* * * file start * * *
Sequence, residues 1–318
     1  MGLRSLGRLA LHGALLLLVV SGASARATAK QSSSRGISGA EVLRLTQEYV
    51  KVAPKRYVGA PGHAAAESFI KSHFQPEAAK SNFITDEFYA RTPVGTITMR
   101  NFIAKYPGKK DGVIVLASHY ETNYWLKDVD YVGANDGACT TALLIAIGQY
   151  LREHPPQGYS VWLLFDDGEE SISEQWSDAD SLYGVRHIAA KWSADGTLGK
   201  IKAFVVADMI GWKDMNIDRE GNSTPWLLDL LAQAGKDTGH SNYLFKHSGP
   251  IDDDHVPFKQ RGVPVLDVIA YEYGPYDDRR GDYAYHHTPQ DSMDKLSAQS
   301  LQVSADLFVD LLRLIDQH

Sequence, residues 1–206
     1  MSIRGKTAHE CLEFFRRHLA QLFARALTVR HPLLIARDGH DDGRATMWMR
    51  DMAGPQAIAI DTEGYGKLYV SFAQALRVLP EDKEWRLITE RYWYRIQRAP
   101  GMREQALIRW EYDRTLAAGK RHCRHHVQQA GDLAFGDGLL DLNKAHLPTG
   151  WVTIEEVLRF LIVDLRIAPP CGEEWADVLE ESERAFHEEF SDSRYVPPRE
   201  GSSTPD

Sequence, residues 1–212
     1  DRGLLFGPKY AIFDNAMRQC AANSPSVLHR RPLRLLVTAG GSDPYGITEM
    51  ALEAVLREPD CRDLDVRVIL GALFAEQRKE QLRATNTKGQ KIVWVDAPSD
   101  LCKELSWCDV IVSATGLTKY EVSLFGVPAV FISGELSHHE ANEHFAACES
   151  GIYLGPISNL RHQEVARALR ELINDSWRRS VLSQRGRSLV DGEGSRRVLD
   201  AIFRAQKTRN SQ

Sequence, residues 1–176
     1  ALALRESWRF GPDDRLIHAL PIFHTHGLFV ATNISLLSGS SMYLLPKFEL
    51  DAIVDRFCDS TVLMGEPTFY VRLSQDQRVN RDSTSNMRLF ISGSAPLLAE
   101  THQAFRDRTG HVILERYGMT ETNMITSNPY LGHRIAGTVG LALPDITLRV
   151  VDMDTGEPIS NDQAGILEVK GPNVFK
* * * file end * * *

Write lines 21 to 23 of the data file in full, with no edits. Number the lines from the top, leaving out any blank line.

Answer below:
Sequence, residues 1–176
     1  ALALRESWRF GPDDRLIHAL PIFHTHGLFV ATNISLLSGS SMYLLPKFEL
    51  DAIVDRFCDS TVLMGEPTFY VRLSQDQRVN RDSTSNMRLF ISGSAPLLAE